Another patent published by Sony has surfaced online, after a previous patent detailing processor ID spoofing hinted at backwards compatibility for the PlayStation 5. The new patent is titled "Simulation of legacy bus operation for backward compatibility" and lends further credence to theories that Sony's secret weapon for the PlayStation 5 is backwards compatibility.
The patent details how Sony might deal with bus interference and differences in operation when executing legacy applications on a new device. The patent goes on to suggest that Sony could emulate the bus operation that the legacy application was designed for with a new device -- for example, the PlayStation 5. What's more, the patent also mentions that Sony could use this method to augment bus performance and bandwidth.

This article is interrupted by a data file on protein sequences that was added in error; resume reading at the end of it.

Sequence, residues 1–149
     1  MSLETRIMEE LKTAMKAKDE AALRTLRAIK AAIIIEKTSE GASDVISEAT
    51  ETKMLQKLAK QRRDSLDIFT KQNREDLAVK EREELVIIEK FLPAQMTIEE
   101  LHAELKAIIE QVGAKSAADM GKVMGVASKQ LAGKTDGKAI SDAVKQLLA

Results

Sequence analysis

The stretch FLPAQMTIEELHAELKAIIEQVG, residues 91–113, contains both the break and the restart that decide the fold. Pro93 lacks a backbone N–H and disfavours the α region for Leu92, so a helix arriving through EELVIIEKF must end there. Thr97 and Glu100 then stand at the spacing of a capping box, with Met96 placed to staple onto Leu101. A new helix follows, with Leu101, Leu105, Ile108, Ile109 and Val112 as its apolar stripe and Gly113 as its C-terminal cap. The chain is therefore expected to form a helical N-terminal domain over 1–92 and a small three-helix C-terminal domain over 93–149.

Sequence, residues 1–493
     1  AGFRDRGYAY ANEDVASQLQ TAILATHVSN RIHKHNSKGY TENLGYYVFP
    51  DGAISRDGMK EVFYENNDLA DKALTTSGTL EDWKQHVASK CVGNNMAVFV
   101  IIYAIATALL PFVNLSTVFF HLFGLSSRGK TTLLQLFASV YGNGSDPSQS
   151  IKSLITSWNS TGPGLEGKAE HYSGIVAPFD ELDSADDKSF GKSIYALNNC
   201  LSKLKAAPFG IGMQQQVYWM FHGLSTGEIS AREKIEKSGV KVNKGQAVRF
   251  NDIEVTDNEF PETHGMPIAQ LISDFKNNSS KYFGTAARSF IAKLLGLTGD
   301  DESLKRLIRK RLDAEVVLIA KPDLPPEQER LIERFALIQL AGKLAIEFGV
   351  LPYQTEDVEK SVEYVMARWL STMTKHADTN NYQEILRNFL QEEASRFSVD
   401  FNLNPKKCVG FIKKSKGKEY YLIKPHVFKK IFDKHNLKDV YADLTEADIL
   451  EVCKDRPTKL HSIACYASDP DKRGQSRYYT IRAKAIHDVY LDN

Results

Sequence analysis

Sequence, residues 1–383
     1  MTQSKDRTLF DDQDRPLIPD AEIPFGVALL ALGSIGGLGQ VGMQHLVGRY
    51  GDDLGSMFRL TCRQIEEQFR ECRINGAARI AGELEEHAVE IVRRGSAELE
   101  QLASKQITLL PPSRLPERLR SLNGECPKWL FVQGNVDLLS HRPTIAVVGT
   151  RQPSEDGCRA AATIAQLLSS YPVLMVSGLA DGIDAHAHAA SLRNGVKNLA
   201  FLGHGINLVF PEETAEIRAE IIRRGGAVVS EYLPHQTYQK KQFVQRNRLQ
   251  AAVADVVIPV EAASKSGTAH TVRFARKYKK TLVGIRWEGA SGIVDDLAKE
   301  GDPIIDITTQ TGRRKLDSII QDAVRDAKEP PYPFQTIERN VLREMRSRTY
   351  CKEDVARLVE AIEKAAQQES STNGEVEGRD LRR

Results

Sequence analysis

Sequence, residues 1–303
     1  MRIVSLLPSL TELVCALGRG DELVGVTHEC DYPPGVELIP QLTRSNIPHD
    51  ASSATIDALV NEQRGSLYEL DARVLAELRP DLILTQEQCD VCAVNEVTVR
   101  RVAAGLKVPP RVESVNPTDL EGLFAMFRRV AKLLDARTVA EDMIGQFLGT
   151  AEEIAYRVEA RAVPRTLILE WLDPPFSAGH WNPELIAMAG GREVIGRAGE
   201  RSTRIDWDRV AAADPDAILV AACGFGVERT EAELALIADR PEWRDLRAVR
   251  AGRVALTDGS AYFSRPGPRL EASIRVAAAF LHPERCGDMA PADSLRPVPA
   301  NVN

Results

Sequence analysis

So, that's two patents that seem to coincide with each other, and both heavily mention emulation within the scope of claims. At this point, it seems backwards compatibility by system-level emulation is destined to be a major selling point for Sony's new console, rumored for a 2020 launch.
Given Microsoft's success with backwards compatibility, Sony has to do something. If 91 million plus PlayStation 4 owners cannot take their libraries with them to the new console, that won't bode as well for Sony.
Sony's Cell processor for the PlayStation 3, and its accompanying custom architecture, have provided no shortages of unique challenges for backwards compatibility on the PlayStation 4. Once upon a time, PlayStation Now was a potential solution for that problem, but it now serves as competition to Microsoft's Xbox Game Pass, more or less. However, with the advent of x86 based consoles, there shouldn't be any reason Sony can't standardize and port between the PlayStation 4 and PlayStation 5.